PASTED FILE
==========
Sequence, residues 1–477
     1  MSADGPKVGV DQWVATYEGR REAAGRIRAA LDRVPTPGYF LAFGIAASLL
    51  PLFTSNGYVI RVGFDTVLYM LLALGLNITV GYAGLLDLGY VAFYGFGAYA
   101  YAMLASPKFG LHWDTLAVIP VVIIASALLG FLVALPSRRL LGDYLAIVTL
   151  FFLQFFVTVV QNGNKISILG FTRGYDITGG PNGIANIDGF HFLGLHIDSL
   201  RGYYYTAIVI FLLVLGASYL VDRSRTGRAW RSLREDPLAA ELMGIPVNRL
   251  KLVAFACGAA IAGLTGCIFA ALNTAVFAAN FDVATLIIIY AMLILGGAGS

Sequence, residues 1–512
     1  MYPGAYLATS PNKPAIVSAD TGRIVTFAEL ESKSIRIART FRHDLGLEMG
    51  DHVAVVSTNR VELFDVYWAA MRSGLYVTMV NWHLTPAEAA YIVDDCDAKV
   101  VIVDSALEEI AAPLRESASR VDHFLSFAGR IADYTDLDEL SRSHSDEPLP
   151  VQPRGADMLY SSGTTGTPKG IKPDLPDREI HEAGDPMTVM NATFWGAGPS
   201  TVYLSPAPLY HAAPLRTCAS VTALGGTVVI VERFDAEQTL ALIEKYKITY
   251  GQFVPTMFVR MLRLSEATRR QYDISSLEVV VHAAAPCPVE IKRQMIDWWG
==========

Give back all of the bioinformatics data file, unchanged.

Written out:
Sequence, residues 1–477
     1  MSADGPKVGV DQWVATYEGR REAAGRIRAA LDRVPTPGYF LAFGIAASLL
    51  PLFTSNGYVI RVGFDTVLYM LLALGLNITV GYAGLLDLGY VAFYGFGAYA
   101  YAMLASPKFG LHWDTLAVIP VVIIASALLG FLVALPSRRL LGDYLAIVTL
   151  FFLQFFVTVV QNGNKISILG FTRGYDITGG PNGIANIDGF HFLGLHIDSL
   201  RGYYYTAIVI FLLVLGASYL VDRSRTGRAW RSLREDPLAA ELMGIPVNRL
   251  KLVAFACGAA IAGLTGCIFA ALNTAVFAAN FDVATLIIIY AMLILGGAGS

Sequence, residues 1–512
     1  MYPGAYLATS PNKPAIVSAD TGRIVTFAEL ESKSIRIART FRHDLGLEMG
    51  DHVAVVSTNR VELFDVYWAA MRSGLYVTMV NWHLTPAEAA YIVDDCDAKV
   101  VIVDSALEEI AAPLRESASR VDHFLSFAGR IADYTDLDEL SRSHSDEPLP
   151  VQPRGADMLY SSGTTGTPKG IKPDLPDREI HEAGDPMTVM NATFWGAGPS
   201  TVYLSPAPLY HAAPLRTCAS VTALGGTVVI VERFDAEQTL ALIEKYKITY
   251  GQFVPTMFVR MLRLSEATRR QYDISSLEVV VHAAAPCPVE IKRQMIDWWG